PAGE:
Et Velle Et Perficere
Disclaimer: Don't own POTO…
Prologue: Average and Unremarkable
In an average and unremarkable bunk bed in the centre of an average and unremarkable dorm room, at the rear of an average and unremarkable children's home full of average and unremarkable children, laid a not-so-average and wholly remarkable young man. Enshrouded in shadows, he stared at the white, paint-chipped ceiling, blinking slowly. Of all the hell-holes he had lived in, he hated there the most – the little deceptively cheery old building with its cream coloured exterior walls and the bright-eyed and bubbly children who resided within did not portray, for a moment, the torment he had suffered at their hands.
It had been about four days since his last rejection – from the latest pair of foster parents who had never really wanted him anyway and should have never been allowed through the system in the first place. The man had been a petty thief and a drunkard and his long-suffering wife was now bitter and depraved – both of them had been after no more than the benefits they would receive from the government for taking on a foster-child. And yet, still he had not been good enough even for them. They had chucked him out after a mere fortnight when they finally realised to what great extent he was troubled.
He was not upset that they had not wanted him – he was disgusted to even be in the presence of normal, once-beautiful people who could have had anything if only they'd realised how lucky they were just to be average and totally unremarkable. He had been happy when they'd told him he was being sent back to the social workers. That is, until he'd gotten back to the home in all its austerity and, for the twelfth time that year, he had regretted every single misdemeanour he had ever committed in his life that had led him to end up there.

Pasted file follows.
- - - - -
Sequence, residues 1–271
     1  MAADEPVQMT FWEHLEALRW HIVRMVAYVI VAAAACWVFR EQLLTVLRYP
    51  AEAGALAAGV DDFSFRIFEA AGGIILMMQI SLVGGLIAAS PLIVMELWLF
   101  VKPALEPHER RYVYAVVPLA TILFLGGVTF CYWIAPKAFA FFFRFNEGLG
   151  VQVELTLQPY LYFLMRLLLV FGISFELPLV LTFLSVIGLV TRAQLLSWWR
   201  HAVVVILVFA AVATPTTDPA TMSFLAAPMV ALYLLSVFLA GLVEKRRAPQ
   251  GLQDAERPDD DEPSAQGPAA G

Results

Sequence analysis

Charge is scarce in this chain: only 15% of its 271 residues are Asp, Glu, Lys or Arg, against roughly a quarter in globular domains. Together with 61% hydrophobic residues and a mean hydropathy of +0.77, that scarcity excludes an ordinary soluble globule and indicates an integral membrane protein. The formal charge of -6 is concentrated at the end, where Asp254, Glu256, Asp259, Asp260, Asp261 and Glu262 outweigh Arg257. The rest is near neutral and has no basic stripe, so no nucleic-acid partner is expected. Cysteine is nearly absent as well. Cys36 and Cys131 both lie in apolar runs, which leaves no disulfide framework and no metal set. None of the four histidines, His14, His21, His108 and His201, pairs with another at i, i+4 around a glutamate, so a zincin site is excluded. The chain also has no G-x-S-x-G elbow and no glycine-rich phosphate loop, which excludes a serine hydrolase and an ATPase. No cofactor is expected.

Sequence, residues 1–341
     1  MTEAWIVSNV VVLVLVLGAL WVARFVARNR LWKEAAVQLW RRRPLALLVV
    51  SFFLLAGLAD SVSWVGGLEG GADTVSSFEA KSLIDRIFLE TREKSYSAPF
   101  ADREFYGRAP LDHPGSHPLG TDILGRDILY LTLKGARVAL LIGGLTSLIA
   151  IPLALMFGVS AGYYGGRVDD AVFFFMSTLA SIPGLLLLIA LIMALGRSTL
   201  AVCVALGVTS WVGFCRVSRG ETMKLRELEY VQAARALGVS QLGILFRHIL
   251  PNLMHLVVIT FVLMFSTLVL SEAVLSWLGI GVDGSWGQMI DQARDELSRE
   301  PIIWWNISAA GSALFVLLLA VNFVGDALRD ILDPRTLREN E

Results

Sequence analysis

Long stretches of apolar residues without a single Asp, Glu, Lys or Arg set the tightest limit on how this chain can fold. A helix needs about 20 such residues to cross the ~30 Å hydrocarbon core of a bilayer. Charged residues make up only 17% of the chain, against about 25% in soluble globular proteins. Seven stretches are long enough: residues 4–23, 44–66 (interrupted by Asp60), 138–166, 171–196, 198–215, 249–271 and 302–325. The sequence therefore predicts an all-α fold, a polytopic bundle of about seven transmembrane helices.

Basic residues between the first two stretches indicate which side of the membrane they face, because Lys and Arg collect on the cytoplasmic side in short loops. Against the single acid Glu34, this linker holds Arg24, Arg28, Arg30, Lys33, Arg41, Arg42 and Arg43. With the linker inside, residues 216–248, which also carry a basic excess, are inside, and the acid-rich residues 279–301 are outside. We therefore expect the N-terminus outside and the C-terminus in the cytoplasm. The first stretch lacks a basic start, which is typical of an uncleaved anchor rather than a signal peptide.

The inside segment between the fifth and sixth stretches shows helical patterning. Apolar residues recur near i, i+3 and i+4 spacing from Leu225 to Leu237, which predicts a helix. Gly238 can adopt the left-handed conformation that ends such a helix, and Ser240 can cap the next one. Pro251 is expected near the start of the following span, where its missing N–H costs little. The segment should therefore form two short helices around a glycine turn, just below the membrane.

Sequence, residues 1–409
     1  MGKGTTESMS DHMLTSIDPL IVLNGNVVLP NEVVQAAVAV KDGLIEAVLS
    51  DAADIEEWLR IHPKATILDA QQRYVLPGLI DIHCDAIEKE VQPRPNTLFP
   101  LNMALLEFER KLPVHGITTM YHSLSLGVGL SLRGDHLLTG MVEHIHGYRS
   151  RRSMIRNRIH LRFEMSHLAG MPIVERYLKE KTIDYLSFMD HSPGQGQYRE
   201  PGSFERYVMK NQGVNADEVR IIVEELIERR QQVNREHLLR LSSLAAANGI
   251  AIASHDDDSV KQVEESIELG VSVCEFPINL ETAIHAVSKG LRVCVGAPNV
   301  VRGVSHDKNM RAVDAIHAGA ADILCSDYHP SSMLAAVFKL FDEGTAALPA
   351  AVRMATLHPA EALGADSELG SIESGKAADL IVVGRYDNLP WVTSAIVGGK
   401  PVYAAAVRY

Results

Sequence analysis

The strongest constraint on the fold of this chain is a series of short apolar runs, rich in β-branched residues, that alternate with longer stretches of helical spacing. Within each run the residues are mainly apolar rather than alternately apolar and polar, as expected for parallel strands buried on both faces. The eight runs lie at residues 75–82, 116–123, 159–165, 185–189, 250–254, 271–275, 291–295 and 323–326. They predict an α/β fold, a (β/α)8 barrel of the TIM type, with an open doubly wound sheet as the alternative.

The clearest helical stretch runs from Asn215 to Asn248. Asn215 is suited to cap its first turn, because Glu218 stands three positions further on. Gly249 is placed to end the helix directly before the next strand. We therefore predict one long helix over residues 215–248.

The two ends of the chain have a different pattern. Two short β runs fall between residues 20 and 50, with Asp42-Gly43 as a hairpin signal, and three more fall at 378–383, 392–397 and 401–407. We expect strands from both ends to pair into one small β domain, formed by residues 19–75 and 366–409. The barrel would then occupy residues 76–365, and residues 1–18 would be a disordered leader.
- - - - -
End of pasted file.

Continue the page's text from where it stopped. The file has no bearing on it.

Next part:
When he'd been left there for the first time as a small child by a widowed mother who could not cope with him, he had not been the sort of child that couples would want to adopt. The only people who wanted to foster the little sharp-tongued and quick-witted masked boy were the type of people to see him as a way of defrauding the benefits department. None of them had been able to handle him for very long and, over the years, he'd lost his childish hope of a happily-ever-after ending. Now, as a seventeen-year-old young man, he was even less likely to be adopted by well-meaning people, as they all wanted perfect, beautiful young children to dote upon.
One more year and he would be free. One more year and he could have the world, any way he wanted it. He could live wherever he wanted, as far away from all the dreadful people he had ever met as was possible, and there would be nothing they could do about it – no new foster parents they could thrust upon him, no new versions of Hell to litter his mind and his dreams with.
Perhaps, at last, the boy would be free.